One type of antenna commonly used in high bandwidth applications is the chip antenna. A chip antenna includes a ceramic substrate supporting metallic traces positioned over a ground plane with the ground removed from underneath the chip. One problem with this antenna is that the ground plane tends to increase the overall size of the antenna. Although, the ground plane for the printed circuit board supporting the electronics may be used in some applications, the antenna dictates the size of the plane which is not desirable. Also, induced RF currents on the printed circuit board may cause receiver desensitization, thereby limiting the useful range of the portable wireless device. In diversity applications, there would be increased coupling between the antennas since they share the same ground plane, thereby reducing diversity gain.
Accordingly, there is a need for a high bandwidth compact antenna for portable wireless devices. The high bandwidth compact antenna should be designed in a way that does not significantly degrade the performance of the electronics.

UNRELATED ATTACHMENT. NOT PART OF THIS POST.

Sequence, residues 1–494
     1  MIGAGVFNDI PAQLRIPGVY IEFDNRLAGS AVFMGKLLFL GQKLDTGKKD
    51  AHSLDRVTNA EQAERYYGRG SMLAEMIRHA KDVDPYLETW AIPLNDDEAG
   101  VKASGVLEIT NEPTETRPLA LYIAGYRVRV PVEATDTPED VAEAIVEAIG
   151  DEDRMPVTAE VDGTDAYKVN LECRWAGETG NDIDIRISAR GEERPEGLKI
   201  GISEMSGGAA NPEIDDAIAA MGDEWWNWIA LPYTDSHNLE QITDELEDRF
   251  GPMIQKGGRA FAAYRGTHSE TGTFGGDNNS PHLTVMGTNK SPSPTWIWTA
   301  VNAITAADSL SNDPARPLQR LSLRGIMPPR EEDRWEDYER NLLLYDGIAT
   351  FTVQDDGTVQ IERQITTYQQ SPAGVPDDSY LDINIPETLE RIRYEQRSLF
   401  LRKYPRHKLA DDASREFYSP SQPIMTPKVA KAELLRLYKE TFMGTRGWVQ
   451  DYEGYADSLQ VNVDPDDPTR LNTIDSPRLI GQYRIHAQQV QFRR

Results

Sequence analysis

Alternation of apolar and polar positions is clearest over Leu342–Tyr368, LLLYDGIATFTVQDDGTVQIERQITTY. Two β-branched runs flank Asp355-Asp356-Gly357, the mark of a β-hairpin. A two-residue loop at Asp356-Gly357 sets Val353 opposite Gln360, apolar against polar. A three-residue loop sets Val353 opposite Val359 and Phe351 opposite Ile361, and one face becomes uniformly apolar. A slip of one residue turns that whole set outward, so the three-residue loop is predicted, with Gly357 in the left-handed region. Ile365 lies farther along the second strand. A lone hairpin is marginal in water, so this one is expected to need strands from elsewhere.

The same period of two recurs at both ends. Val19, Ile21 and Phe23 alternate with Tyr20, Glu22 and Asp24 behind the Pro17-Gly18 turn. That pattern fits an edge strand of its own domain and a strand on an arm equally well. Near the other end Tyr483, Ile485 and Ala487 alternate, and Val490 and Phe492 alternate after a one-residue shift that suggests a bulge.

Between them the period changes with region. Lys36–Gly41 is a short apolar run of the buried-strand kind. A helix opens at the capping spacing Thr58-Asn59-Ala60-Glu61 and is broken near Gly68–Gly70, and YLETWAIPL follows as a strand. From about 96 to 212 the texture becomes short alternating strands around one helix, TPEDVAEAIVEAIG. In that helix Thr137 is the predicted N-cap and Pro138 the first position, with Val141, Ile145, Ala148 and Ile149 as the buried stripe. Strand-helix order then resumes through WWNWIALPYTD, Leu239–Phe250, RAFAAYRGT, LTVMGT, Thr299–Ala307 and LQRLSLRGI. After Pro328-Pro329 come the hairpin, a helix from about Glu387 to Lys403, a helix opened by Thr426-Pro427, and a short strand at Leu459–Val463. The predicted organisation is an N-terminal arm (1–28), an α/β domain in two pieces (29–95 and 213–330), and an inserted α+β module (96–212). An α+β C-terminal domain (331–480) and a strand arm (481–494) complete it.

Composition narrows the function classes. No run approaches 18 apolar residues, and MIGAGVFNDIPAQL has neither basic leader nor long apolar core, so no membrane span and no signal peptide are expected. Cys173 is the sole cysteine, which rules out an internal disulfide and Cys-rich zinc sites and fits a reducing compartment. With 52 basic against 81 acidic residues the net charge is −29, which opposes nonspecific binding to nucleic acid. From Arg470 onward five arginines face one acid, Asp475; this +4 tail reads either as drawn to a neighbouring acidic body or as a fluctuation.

In one aspect of the present invention, an elliptic dipole antenna includes a poise and counterpoise each having an elliptical shape, and a substrate supporting the poise and counterpoise, the substrate having a closed three-dimensional shape.
In another aspect of the present invention, a wireless device includes a transceiver, and an elliptic dipole antenna. The elliptic dipole antenna includes a poise and counterpoise each having an elliptical shape, and a substrate supporting the poise and counterpoise, the substrate having a closed three-dimensional shape.
It is understood that other embodiments of the present invention will become readily apparent to those skilled in the art from the following detailed description, wherein various embodiments of the invention are shown and described by way of illustration. As will be realized, the invention is capable of other and different embodiments and its several details are capable of modification in various other respects, all without departing from the spirit and scope of the present invention. Accordingly, the drawings and detailed description are to be regarded as illustrative in nature and not as restrictive.
Aspects of the present invention are illustrated by way of example, and not by way of limitation, in the accompanying drawings, wherein: